Much more than just frames on the wall, the Nihonbashi Club’s art collection symbolizes everything the facility aspires to be.


When the Club’s Nihonbashi satellite facility opens this spring, it will be more than just a place to eat, drink and exercise. For many Members, it will be a home away from home.

And like any inviting home, the Club will feature all the artistic accoutrements that help turn a space into an inviting retreat.

“One of the key points around [the Nihonbashi Club] is creating an atmosphere of what I call ‘urban sophistication,’” says TAC Nihonbashi Task Force member Terry White, who spearheaded the first-ever art collection curated for the Club. “And art is a key component of that.”

At least 29 works of art, from acrylics on canvas to pieces of pottery, will adorn the Nihonbashi Club. Selected by the curatorial team at Arts Initiative Tokyo (AIT), the collection represents a bridge between cultures, just like the Club itself.

“We’ve managed to select artists that contribute to this sort of story,” says Roger McDonald, a founding member of AIT. “[The collection is] cross-generational, across time and across space, going from the United States to Japan.”

Alongside his colleagues at AIT, McDonald worked with White and the task force to select artists with ties to both the US and Japan. In many cases, this came in the form of Japanese artists who studied or trained in the States at some point. But there are also American artists who honed their craft under Japanese masters.

One Japanese artist, despite having never visited the US, bases her paintings on scenes from American movies and culture, further solidifying that link between the two countries and cultures.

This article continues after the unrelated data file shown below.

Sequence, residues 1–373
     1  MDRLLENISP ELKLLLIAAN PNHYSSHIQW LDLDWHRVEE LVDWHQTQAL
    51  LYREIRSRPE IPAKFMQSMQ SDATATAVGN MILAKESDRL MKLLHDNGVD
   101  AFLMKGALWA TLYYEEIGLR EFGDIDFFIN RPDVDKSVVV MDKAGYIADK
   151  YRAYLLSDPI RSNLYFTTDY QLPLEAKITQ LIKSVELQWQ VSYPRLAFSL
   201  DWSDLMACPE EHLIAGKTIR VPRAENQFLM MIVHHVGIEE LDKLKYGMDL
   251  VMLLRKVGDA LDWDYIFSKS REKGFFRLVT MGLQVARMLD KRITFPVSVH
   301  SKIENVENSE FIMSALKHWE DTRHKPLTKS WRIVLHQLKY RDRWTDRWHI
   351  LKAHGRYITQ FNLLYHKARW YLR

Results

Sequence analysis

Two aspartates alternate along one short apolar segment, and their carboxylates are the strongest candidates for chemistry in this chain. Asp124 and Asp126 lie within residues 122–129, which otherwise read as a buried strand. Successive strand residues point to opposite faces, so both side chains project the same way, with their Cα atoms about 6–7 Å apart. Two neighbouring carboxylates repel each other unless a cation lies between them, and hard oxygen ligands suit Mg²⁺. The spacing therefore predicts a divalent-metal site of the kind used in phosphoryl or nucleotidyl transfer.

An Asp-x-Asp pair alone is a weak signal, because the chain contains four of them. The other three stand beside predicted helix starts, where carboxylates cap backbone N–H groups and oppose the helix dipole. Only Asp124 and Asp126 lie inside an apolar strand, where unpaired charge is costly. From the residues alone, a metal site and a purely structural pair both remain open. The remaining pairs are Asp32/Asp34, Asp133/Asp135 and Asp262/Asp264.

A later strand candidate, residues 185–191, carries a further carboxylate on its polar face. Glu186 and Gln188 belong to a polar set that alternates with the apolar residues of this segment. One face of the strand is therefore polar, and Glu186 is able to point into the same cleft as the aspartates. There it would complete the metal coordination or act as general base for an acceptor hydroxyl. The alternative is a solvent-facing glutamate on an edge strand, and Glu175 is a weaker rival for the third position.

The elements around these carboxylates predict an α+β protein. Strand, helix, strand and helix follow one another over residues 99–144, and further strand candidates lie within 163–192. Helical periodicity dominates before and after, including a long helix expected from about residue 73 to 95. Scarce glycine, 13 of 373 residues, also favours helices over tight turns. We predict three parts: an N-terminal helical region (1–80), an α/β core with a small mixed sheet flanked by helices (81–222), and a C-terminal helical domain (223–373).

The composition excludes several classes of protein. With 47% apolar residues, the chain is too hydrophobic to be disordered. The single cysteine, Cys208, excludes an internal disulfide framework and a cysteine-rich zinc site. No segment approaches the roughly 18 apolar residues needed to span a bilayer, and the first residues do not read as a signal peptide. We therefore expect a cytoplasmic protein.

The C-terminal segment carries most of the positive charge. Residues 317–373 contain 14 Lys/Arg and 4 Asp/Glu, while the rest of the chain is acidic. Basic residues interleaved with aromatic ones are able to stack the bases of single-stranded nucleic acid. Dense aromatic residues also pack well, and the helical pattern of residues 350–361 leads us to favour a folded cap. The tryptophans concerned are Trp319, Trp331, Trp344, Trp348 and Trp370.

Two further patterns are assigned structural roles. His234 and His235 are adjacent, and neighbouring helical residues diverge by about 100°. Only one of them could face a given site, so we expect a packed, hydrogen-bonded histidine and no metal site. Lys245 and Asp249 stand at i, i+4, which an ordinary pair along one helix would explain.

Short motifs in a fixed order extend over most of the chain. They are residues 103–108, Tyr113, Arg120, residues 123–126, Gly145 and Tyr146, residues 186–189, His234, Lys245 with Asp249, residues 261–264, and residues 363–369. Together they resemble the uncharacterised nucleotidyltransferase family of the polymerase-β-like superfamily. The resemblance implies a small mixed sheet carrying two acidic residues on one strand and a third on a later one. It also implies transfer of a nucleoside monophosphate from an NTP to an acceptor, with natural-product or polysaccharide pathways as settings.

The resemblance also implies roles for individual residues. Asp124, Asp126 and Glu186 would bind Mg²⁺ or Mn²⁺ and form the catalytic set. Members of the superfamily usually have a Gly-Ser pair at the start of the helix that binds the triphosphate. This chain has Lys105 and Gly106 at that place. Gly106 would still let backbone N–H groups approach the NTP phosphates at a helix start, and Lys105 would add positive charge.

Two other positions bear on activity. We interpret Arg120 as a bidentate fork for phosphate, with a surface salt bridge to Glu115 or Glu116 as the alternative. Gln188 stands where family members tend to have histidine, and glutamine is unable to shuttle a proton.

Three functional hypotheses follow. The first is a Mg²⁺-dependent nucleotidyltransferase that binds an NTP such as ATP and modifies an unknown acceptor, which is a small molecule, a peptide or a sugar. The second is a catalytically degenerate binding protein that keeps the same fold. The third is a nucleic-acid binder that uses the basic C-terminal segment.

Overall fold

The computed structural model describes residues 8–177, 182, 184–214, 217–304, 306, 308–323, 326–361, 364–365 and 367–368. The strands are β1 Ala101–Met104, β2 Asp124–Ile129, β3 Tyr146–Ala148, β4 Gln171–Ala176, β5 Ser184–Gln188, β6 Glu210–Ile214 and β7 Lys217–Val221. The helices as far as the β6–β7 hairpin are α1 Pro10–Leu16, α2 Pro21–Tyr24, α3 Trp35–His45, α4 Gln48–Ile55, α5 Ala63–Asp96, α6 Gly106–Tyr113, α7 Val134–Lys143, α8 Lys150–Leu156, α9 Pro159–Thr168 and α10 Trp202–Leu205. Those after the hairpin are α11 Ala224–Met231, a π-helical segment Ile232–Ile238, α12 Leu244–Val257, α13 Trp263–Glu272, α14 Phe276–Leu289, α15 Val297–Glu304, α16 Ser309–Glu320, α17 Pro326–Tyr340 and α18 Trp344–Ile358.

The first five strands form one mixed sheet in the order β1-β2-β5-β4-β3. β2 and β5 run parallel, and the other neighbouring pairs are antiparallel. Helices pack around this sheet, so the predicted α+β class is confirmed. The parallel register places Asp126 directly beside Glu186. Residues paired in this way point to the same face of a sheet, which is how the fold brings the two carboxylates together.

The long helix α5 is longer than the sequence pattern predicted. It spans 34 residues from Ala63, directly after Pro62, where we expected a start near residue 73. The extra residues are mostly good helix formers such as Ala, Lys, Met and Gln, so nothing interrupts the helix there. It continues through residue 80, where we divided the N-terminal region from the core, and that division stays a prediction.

“I think that immediately brings a kind of tight focus to the whole project,” says McDonald. “I think it is a fairly one-of-a-kind collection.”

That exceptionalism will greet Members the moment they arrive at the Club. Hanging near the entrance will be two prints by Akira Yamaguchi. Depicting the area’s famous landmarks of Mitsukoshi department store and the Nihonbashi Bridge, the works will serve as a stunning interior touch.

“It’s almost like manga but it’s a contemporary ukiyo-e sort of style,” McDonald says of Yamaguchi’s unique approach. “[The prints] are something which you walk up to and look at closely and you sort of get lost in.”

“What [they] always inspire are conversation and [reflection],” adds White.
In a matter of months, Members will be able to view the full collection for themselves. Though with something as subjective as art, White is under no presuppositions that praise will be unanimous—and perhaps rightly so.

“Some people are going to love the work we selected and some people are going to absolutely hate it,” he says. “But I’m good with that. That’s what art should always be about.”